Some months ago, I was visiting a friend. Our sons are of the same age, they play very well together and this gives us a chance to chat a bit (like 5 min in a row without being interrupted).
She was looking for a job. Her second son had started child care a couple of weeks earlier and she finally had time to start searching for a job after a break of more than three years. At one point her husband emerged from his home office and joined us for a coffee. I was providing her with some advice on how to rebuild her professional network, sharing interesting contacts and so on. Her husband then looked at me and said: “Ah! You are a member of this feminist club right? ”
For a moment, my time stopped. The way and the tone of how he said the word Feminist was such a mix of joke and arrogant amusement, I was taken aback. He obviously did not like the “feminist” type of person and suddenly I asked myself what he actually thought of me. Since I did not want to start an intense and tough conversation with him in front of his wife and our children, I let it go. I smiled and said that yes, I was part of a professional women’s club and I was providing his wife with some valid insights on how to find a job after a family break. There was certainly tension in the air but we both dropped the ball and kept chatting about superficial stuff.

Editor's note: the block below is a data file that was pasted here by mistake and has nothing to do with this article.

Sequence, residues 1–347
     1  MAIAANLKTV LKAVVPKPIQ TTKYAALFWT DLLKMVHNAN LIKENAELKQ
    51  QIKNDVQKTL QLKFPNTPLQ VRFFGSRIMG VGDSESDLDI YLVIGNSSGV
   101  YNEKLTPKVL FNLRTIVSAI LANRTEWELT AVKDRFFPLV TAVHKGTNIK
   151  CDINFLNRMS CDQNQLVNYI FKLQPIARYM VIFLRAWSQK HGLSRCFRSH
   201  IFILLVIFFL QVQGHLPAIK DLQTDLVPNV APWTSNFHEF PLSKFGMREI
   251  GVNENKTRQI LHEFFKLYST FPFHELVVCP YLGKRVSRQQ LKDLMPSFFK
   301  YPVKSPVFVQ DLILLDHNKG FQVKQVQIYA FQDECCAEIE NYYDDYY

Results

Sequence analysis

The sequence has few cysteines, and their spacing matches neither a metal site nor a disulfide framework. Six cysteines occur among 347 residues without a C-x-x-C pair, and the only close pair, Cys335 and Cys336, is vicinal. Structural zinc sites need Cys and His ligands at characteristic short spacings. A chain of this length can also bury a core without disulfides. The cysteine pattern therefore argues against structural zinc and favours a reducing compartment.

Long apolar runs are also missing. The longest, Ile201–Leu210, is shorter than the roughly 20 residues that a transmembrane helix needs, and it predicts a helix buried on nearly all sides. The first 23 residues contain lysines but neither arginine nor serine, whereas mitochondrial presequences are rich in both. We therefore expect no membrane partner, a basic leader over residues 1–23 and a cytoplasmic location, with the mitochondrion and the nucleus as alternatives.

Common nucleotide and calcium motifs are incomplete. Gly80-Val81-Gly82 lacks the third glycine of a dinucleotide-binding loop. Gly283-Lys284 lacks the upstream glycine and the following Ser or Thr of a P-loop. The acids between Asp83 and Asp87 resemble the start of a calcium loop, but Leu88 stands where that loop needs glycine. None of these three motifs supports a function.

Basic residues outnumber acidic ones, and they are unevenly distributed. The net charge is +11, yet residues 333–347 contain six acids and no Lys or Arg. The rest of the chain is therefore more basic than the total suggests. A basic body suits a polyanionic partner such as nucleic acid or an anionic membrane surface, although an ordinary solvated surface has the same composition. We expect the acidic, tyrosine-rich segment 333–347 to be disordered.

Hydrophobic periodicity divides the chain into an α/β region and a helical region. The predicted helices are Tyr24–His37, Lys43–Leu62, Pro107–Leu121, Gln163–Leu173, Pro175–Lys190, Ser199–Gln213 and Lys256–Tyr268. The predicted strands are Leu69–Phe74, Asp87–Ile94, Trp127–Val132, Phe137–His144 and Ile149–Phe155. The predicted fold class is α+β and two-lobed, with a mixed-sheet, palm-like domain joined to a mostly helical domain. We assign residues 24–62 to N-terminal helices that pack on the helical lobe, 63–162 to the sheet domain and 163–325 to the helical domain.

I had a similar experience with a former colleague of mine. He was telling me that his wife had not been working since they had the kids. Now that both kids were in primary school, she was trying to find a job. I was trying to better understand her background, in case I could maybe help in a way, when he suddenly says: “You know, she is a bit of a feminist. But its ok, it doesn’t bother me so much” and he laughed. (I´m fairly sure he had no clue what I do in my spare time). The way he said “a bit of a feminist” was like it´s some sort of sin, like saying “she has a bit of a gambling addiction, but it´s not that bad.”
I was speechless.